Variables of interest

Current dipoles and primary responses

The brain signals that the MEG records have been modeled and theorized as point-like dipolar magnetic fields. The idea is to look at brain activation at a given point in time and try to fit one or a few dipoles on either a spherical conductor or then individual MRIs. The dipolar field is then calculated and with a RMS fitting we can estimate the dipole(s) that explains the recorded magnetic field best.

Dipoles do not fully explain or reflect the rich and vibrant circuitry that is going on in the brain, but it gives us an idea of the spatial location of MEG recorded activation and the activation sequences that take place during for example an evoked response in the brain.

There are many newer and more sophisticated source localization methods that have been invented and implemented after the use of dipolar source localization. They are different in the way they arrive at a solution and many of them are much more automated in their approach, but dipole fitting is still a valid analysis method to date.

Dipolar fitting is most used for localizing and modeling primary neural responses. Primary neural responses, also known as evoked responses, are the phase and time locked responses instantly following a stimulus. The best-known primary responses are in the range of 0-1000 ms after a stimulus. Different stimulations have specific temporal and spatial primary responses. For example, short auditory stimulations give rise to a myriad of responses in different parts of the brain. A well-known response is the N100 response that arises ~100 ms after an unpredicted stimulus. This is true for all sensory input but is perhaps most studied in the auditory processing. The N100 is seen on the sensor level (MEG) as a peak in the recording. The peaks of different channels give rise to the topography of the signal. By fitting dipoles on a conductor surface, we can calculate the forward solution that would arise from that dipolar field. The field is then compared to the actual recording by the RMS method. With this we can locate the dipolar components that best explain the recorded magnetic field.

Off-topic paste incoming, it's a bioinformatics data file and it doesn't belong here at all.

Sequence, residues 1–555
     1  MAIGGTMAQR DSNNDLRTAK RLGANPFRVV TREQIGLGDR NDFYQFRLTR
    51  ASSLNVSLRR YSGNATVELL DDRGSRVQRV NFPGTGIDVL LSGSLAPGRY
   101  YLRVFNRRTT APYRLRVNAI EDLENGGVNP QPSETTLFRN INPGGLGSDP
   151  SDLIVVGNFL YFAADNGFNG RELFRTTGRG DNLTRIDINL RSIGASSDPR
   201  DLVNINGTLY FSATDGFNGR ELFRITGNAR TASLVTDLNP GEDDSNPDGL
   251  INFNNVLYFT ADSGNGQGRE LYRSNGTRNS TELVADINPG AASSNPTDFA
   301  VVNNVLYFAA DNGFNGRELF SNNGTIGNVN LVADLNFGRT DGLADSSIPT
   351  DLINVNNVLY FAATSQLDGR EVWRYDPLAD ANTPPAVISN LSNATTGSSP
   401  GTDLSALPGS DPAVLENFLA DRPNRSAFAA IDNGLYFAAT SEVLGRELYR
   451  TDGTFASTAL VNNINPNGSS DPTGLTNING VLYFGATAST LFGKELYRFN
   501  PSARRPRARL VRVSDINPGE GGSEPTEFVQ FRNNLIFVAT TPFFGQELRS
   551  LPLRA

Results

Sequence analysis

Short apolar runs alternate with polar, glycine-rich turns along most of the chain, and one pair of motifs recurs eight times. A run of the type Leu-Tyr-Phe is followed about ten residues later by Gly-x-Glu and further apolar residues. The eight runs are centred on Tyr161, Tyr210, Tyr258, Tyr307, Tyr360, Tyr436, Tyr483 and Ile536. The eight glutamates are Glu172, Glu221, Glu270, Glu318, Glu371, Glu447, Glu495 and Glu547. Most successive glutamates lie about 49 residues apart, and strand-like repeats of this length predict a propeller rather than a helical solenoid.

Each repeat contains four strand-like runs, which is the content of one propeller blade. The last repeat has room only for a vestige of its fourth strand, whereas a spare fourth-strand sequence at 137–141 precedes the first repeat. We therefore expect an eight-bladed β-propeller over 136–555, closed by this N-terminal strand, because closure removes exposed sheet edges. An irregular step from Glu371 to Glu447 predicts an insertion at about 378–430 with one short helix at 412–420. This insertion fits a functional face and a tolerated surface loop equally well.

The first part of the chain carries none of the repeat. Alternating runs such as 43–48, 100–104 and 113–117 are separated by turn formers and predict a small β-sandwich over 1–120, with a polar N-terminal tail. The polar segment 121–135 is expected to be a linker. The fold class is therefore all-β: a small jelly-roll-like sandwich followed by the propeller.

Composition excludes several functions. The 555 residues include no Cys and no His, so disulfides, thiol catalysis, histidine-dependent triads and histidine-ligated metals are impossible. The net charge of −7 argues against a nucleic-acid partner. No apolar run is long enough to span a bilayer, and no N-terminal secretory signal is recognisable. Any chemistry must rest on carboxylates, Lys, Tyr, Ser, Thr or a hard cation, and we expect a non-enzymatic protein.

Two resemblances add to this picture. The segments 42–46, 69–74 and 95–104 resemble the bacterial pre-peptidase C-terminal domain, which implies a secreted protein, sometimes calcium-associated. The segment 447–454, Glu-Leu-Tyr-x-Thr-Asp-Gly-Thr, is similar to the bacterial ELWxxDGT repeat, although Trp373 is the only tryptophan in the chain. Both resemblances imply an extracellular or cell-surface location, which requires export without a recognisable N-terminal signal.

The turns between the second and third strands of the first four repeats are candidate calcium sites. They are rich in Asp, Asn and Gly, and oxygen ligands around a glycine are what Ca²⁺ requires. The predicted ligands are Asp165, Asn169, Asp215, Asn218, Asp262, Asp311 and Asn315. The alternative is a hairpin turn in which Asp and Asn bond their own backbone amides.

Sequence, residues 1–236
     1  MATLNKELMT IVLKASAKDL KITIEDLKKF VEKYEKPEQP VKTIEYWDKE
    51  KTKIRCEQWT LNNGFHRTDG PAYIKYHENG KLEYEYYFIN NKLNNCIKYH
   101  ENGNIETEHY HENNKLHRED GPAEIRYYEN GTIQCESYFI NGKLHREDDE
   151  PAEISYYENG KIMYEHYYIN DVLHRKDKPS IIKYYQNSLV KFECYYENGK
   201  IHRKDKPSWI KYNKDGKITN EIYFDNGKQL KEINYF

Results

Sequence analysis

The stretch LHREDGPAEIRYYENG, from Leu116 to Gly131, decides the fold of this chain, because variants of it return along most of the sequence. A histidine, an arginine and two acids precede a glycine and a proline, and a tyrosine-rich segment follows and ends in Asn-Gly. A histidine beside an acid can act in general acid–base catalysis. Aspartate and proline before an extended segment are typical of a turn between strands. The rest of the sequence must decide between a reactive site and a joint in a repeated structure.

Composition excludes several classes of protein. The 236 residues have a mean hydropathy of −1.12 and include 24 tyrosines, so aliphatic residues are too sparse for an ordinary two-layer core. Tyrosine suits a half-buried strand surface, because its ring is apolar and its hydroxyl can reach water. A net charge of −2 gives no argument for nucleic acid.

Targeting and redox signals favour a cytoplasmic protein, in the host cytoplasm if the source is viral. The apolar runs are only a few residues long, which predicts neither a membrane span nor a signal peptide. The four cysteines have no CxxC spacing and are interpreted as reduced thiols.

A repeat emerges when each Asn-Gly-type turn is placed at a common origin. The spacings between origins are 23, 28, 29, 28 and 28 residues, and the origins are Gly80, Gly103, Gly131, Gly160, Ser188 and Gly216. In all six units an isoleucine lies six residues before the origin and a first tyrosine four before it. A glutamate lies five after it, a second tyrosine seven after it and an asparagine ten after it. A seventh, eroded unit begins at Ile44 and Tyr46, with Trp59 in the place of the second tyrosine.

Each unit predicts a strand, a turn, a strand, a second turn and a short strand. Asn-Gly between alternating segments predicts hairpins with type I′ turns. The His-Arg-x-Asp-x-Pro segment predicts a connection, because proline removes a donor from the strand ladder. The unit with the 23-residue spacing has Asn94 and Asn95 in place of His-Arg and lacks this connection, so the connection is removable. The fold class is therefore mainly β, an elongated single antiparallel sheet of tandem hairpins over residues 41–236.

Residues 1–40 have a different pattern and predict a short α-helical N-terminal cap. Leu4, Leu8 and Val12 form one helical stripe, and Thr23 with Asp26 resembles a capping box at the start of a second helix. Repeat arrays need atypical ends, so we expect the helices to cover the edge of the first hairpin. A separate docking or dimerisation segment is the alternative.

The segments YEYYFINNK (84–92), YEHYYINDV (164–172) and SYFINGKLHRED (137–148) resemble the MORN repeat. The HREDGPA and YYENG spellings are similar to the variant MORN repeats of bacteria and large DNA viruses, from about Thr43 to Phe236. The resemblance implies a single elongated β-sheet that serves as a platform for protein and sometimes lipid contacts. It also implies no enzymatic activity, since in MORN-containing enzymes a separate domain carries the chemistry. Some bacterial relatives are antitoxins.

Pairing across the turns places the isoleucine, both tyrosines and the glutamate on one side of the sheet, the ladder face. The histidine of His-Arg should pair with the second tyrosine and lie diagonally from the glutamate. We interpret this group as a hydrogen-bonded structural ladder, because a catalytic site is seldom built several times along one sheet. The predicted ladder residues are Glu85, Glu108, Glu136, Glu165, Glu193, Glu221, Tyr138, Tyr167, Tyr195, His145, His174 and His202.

Current dipole

Image 11. An artist rendering of a simple right frontotemporal dipolar field overlaid on the sensors of a whole head system. The dipole is a common method for localizing the neural generator of a given neural signal. The method relies on the assumption that many neural signals can be reliably presented with a limited set of dipolar fields.

Time scales and typical temporal patterns

MEG data is recorded as continuous data for many minutes at a time. The timescale of interest varies with the variable we are trying to analyze. With primary responses – evoked fields – we typically look at a time scale of 500-1000 ms post stimulation. Multiple stimuli are recorded, in the range of 70-120 stimulations, and then the responses are averaged with respect to the trigger. By averaging we remove random noise and both oscillatory and random brain signals from the evoked responses.